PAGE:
need the on NIC virtual-to-real address translation of Quadrics or Matt Welsh's
myrinet control program (though they are certainly nice also.)
Instead, we need the ability to register large chunks of contiguous physical
memory with the NIC and associate them with a tag usable from user-space on all
nodes.  The registering is likely to occur in a library or be done by the
compiler.  Next we need the ability to issue remote loads and stores by issuing
just a couple of machine instructions (ideally just two loads or a load and a
store).  These instructions should take advantage of all the processor
machinery for outstanding loads and delayed writes.  Lastly we need a
relatively efficient synchronization primitive which allows us (again usually a
library or the compiler) to create a fence guaranteeing that previous remote
operations have completed.  All this should be possible in a $100 NIC and
require little or no increase in switch complexity.

So please help us move forward.
(1) Propose a better name than SALC.  We need to keep the notion that addresses
are somehow shared, i.e. you can address most if not all of the memory of
remote nodes with simple efficient load/store type operations.  We also need to
convey the warning that once a datum is fetched there will be no automatic
notification to the fetcher when someone else has written to the fetched
(2) Think about the real needs of your codes.  Can you save lots of space my
not copying boundary regions?  What are your "memes"?  Do you use shared work
queues?  Do you use ghost cells?  How do you load balance?  How do you improve
data locality and reuse?  How do you synchronize?
(3) Demand more from compiler writers, system architects, and machine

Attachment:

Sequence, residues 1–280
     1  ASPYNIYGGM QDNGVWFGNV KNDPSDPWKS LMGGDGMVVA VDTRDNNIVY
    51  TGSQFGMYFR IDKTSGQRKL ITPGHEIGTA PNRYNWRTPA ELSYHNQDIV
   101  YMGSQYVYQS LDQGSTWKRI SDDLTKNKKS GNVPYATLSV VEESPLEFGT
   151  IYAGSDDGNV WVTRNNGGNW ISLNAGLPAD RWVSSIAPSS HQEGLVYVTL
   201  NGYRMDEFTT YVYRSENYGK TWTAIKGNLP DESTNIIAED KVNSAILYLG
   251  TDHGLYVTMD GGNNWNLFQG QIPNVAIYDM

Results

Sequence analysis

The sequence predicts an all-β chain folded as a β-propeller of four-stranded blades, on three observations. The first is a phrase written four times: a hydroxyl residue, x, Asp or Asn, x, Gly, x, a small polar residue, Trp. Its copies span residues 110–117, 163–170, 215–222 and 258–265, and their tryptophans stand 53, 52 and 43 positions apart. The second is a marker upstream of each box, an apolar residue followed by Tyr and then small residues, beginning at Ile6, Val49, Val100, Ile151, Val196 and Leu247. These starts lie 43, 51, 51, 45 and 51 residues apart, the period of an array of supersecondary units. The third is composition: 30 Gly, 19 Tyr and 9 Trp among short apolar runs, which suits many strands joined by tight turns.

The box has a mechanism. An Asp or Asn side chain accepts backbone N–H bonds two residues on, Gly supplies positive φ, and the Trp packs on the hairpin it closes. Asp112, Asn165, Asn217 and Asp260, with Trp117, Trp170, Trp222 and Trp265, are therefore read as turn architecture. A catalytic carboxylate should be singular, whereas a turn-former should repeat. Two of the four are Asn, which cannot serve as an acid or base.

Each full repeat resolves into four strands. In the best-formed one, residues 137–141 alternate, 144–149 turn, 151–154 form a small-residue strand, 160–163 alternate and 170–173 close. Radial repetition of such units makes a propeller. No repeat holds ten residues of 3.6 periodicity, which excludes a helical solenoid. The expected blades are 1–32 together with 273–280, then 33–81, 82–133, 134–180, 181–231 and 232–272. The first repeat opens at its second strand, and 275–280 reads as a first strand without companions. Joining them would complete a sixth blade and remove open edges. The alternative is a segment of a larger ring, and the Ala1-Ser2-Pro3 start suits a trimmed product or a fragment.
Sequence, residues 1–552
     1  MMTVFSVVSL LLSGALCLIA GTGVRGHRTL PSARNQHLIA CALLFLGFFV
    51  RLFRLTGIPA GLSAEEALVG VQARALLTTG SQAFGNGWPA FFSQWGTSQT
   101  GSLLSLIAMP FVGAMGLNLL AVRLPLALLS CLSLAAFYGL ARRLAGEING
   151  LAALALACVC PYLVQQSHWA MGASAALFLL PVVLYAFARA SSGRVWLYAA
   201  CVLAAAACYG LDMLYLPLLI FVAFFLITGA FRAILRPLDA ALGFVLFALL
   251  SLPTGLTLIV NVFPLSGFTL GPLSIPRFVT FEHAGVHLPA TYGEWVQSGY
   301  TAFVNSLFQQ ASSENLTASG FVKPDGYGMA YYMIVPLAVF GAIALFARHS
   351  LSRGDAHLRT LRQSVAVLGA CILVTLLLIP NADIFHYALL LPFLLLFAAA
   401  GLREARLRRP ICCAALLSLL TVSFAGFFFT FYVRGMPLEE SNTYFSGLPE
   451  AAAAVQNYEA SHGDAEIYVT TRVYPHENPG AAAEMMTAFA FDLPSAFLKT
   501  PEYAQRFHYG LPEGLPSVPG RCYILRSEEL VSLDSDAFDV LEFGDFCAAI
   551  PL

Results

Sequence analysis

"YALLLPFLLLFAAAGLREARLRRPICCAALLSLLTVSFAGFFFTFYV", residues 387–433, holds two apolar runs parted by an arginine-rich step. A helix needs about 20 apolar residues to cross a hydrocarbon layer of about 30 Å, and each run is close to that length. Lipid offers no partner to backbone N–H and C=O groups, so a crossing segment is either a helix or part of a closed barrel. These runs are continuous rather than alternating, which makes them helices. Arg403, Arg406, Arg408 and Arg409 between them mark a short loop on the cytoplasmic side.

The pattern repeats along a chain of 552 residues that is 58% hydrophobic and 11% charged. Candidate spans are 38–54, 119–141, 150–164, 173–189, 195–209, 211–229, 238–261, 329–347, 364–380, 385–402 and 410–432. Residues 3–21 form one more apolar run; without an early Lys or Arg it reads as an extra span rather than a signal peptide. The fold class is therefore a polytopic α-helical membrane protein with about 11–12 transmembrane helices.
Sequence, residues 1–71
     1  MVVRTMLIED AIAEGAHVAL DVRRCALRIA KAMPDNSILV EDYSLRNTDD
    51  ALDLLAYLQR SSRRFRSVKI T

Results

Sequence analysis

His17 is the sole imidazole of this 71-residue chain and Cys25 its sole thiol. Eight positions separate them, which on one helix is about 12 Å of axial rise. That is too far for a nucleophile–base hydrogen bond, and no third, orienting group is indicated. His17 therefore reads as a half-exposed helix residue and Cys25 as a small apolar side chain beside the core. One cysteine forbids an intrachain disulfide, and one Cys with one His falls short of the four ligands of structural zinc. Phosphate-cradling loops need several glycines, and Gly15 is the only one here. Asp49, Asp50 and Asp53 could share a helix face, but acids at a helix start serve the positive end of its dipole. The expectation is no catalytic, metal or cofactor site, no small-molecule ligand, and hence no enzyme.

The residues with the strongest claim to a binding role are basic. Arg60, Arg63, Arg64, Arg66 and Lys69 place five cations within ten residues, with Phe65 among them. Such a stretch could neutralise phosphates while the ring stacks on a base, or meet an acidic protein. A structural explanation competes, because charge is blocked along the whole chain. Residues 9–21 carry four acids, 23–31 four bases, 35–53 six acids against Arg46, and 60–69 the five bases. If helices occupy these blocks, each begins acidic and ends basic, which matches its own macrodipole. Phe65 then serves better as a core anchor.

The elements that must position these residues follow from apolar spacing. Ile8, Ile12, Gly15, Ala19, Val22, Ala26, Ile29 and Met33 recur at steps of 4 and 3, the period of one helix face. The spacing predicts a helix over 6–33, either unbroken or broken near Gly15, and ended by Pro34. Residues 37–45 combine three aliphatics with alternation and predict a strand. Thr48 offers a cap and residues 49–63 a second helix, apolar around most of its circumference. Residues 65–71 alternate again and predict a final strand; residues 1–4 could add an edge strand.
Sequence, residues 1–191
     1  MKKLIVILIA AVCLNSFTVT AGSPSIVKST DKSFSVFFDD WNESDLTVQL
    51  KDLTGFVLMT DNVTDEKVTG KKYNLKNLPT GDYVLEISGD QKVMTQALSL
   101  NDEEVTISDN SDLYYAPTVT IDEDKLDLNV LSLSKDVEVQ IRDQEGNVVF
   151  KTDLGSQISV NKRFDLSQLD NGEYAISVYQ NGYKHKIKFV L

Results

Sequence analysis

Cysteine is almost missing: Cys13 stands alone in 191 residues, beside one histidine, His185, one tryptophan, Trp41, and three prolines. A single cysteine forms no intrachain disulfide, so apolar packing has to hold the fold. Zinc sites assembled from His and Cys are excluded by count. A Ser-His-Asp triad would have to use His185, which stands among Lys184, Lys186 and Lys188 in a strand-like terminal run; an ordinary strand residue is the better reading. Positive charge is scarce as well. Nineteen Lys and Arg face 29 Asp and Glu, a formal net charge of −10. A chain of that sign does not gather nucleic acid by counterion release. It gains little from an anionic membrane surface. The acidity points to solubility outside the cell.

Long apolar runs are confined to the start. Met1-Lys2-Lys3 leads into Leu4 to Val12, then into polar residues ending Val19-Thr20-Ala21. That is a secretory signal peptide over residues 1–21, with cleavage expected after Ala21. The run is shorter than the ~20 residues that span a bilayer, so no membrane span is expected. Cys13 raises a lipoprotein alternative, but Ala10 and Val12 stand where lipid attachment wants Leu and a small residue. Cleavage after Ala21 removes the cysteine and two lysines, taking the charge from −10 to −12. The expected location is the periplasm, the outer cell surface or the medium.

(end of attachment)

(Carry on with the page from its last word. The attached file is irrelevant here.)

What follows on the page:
purchasers?  Beowulf's are nice but you can have more if you push for it.
I think I've passed my "one-screen per posting" limit so I'll stop here but I'd
love to continue the discussion one-on-one with anyone who cares to contact
me.  Or come to the Atlanta Linux Showcase and Conference in October.

Greg Lindahl wrote:

> > > But it isn't actually cache coherent. Remember Cray shmem(): To use
> > > data, you fetch it to be close to you, and then it isn't cache
> > > coherent while it's local. It IS cache coherent in that the fetch
> > > gets you the right data.
> >
> > Wrong. In the CS2 it _was_ cache coherent both locally and remotely.
> I wasn't discussing the CS2, I was discussing the T3E and SALC. Sorry if I
> gave a different impression. I don't know of any other machines like the
> CS2, nor do I think they're interesting.
> > Another of the reasons I don't like the SALC description is precisely
> > this confusion about what the "local consistency" is intended to mean.
> You can take it up with Bob Numrich; I'm just the messenger. Bob invented
> the shmem interface in the first place. shmem is interesting mainly because
> it's cheaper to build hardware for it than for things like the CS2.
> > Making the NIC properly cache coherent is one of the main reasons to
> > be on the processor bus, appearing as a second CPU. It allows the NIC
> > to implement the full coherency protocol when accessing data (either
> > bringing it in, or sending it out).
> That's far more expensive and difficult than the other benefit of getting on
> the processor bus: reduced latency.
> -- g